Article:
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Valley Health Celebrates Dedication of New Cancer Center

After five years of planning, fundraising and construction, Valley Health dedicated its new regional cancer treatment facility at Winchester Medical Center (WMC) this morning. Hundreds of local officials, Valley Health trustees, physicians, staff and volunteers, donors, patients and area residents gathered for a ribbon cutting ceremony and tours of the new building, which embodies the community support that made it possible, as well as the expertise, compassion and healing power found inside.

“This beautiful new center will benefit cancer patients, their families and our staff, functionally and aesthetically, by providing a bright, hopeful environment for those who, together, fight this disease,” said Valley Health System President and CEO Mark H. Merrill.

On a lakeside site adjoining the Diagnostic Center on the north side of the WMC campus, the 52,000 square foot state-of-the-art facility houses nearly every outpatient service a patient with cancer might need, including chemotherapy and radiation treatment areas, physician practices for surgeons, medical oncologists and radiation oncologists, consult space for cancer patient navigators, nutrition counseling, integrative care and a clinical research office. Upstairs, a skywalk connects to the Diagnostic Center, where patients can access medical imaging, lab services and genetic counseling. A 70-seat meeting space makes cancer team conferences and patient, family and staff education more convenient. The building’s siting and design capitalizes on natural light, expansive outdoor views and an impressive wheelchair-accessible healing garden with rocking chairs overlooking the water.

“Cancer care has long been a vital service for us and for the communities we serve throughout our region,” said Winchester Medical Center President Grady W. “Skip” Philips, III. “This center enables our patients to conveniently access the entire spectrum of cancer services under one roof and have a more seamless, coordinated treatment experience from diagnostic services to surgery, radiation, chemotherapy, nutrition counseling, and integrative care. We have invested in state-of-the-art technology and continue to expand our established team with new cancer specialists who are drawn to our comprehensive program and vision for the future,” Philips adds. “This will be a wonderful place for our multidisciplinary team to work and our patients and families to be supported throughout treatment and recovery.”

Physician practices within the new center are Shenandoah Oncology (radiation oncologists and medical oncologists/hematologists), Valley Health Surgical Oncology (surgical oncologists, also thoracic surgeon, interventional pulmonologist and gynecological oncologists), and Valley Health Breast Center.

The Cancer Center’s radiation oncology suite has two new Varian TrueBeam™ linear accelerators and an enhanced radiation treatment planning system. In the medical oncology department, the infusion/chemotherapy area is spacious, with recliners overlooking the healing garden and lake and other comforting features for patients who may spend much of the day tethered to their intravenous treatment.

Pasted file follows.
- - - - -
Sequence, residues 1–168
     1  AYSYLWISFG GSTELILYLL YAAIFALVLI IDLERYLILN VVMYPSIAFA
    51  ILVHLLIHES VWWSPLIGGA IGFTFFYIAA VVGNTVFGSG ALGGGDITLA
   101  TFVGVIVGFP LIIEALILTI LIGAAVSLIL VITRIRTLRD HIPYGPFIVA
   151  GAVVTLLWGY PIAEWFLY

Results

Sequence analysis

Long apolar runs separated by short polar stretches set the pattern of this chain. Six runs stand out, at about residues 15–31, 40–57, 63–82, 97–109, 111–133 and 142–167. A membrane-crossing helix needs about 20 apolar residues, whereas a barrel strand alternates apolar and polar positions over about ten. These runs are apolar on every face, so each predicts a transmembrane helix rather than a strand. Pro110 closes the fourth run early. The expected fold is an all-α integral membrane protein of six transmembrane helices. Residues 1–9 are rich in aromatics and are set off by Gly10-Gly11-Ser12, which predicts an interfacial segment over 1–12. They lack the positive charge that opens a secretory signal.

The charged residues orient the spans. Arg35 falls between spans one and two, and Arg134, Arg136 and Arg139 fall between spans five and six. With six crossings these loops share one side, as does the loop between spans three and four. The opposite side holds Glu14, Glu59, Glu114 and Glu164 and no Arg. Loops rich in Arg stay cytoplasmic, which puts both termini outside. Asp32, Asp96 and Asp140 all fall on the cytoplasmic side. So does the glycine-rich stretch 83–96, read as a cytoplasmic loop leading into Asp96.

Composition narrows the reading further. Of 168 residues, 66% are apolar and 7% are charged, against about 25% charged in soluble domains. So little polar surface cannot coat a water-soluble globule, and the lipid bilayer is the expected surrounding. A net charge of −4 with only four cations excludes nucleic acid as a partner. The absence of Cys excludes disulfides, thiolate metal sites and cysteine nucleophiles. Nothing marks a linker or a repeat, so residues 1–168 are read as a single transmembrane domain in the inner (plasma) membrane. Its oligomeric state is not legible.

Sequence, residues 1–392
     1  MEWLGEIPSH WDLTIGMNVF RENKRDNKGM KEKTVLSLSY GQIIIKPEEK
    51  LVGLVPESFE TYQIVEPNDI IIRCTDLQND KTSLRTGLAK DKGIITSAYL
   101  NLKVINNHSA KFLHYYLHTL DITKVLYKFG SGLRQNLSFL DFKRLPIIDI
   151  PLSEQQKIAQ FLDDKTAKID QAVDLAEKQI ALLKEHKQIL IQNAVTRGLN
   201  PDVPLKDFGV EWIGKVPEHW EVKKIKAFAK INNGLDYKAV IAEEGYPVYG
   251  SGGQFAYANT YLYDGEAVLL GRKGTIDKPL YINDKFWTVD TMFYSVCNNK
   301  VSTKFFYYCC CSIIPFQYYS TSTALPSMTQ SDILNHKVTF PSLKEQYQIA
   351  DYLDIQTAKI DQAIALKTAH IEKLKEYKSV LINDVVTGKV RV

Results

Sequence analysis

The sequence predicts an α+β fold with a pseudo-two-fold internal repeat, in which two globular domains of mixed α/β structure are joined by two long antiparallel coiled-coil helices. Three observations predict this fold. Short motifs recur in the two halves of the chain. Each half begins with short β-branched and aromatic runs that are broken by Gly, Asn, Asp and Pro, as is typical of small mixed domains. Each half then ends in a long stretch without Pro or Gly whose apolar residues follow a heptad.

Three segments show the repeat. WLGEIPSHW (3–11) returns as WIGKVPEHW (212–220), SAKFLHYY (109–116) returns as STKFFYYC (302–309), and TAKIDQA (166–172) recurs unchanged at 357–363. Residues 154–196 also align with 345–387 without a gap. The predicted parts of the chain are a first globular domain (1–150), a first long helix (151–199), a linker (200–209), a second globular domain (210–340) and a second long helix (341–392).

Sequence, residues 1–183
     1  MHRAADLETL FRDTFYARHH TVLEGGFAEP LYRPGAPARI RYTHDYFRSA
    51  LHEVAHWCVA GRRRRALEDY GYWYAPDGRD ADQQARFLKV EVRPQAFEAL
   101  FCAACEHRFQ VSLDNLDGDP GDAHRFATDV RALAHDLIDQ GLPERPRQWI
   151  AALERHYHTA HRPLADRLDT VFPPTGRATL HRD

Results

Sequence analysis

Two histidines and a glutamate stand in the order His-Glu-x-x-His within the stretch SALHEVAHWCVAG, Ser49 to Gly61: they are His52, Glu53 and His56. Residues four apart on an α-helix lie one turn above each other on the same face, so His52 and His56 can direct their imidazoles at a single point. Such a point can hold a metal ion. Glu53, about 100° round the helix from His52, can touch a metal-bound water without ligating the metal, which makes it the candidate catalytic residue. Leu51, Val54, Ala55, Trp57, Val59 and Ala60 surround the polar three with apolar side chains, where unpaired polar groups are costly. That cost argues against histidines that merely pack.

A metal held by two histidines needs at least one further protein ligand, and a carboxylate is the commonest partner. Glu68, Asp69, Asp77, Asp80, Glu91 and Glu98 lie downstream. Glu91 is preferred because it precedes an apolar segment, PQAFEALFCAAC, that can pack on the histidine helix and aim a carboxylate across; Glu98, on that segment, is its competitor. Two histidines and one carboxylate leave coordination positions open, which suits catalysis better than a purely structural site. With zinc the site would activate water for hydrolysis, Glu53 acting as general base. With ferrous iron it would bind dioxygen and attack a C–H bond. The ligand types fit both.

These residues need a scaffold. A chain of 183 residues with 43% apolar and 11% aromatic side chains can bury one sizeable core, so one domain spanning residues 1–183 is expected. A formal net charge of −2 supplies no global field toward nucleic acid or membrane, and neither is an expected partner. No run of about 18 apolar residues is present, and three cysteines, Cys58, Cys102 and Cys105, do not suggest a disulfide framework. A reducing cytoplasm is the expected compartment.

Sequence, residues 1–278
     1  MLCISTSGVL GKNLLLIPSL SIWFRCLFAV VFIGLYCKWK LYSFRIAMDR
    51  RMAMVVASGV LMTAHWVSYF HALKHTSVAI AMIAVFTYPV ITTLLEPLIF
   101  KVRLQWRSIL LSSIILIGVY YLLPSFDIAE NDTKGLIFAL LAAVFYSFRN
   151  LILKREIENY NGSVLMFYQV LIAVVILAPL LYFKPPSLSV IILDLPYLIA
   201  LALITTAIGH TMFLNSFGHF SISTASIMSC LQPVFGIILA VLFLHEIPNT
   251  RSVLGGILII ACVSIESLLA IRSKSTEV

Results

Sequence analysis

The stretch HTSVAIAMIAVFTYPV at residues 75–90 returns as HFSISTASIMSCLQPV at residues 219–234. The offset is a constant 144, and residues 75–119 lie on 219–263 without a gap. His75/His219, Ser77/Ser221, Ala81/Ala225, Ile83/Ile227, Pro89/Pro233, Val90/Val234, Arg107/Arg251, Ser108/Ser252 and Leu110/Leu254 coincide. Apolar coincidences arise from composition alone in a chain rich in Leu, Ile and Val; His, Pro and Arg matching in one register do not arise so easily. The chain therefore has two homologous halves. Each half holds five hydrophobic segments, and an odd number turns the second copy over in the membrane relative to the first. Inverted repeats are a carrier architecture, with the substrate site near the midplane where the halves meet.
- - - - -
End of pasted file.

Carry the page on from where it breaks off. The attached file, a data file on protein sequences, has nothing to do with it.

The $28.5 million project was approved by the Valley Health System Board contingent on the WMC Foundation’s success with an ambitious $10 million capital campaign. Successful it has been: more than 1,700 individuals and businesses have made donations of all sizes totaling $10.2 million to date.

“Our organization had not conducted a capital campaign for more than fifty years,” Merrill noted. “With strong leadership from Jimmy Wilkins, Harry Byrd, Bill Buettin and Jason Aikens, the WMC Foundation received a phenomenal response from area businesses and individual donors, as well as our own Valley Health ‘family’-- the Winchester Medical Center Auxiliary, our trustees, physicians and employees.”

The largest single gift was an $800,000 pledge from the Winchester Medical Center Auxiliary. A $500,000 in-kind donation from Trex Co., Inc., made possible a striking pergola and extensive decking in the Trex Healing Garden, which provides both a peaceful outdoor destination for patients, families and staff and beautiful views from the lobby, treatment areas and conference room along the building’s south side. “I hope those who have made a donation to this Center have an opportunity to see the inspiring space created through their gifts,” said Merrill.

For radiation oncologist Bruce Flax, MD, co-medical director of oncology services at WMC, the new Center provides a more pleasant environment, but he’s most excited about its functional beauty. “Putting our program under one roof will ensure closer collaboration between services and reduce patient and family stress. We are now providing less invasive and more precise treatments for brain, lung, head and neck and GI cancer, and we have dedicated space for a full-time cancer nutritionist. Even the communal waiting room, with its soaring ceiling and beautiful view, will reduce fear and encourage a sense of community during a difficult time.”

The new Cancer Center is located at 400 Campus Boulevard, Winchester. The facility will open to patients on Monday, August 29. Radiation Oncology’s move to the new Center will occur in late September to accommodate coordination of care for individual patients receiving radiation therapy.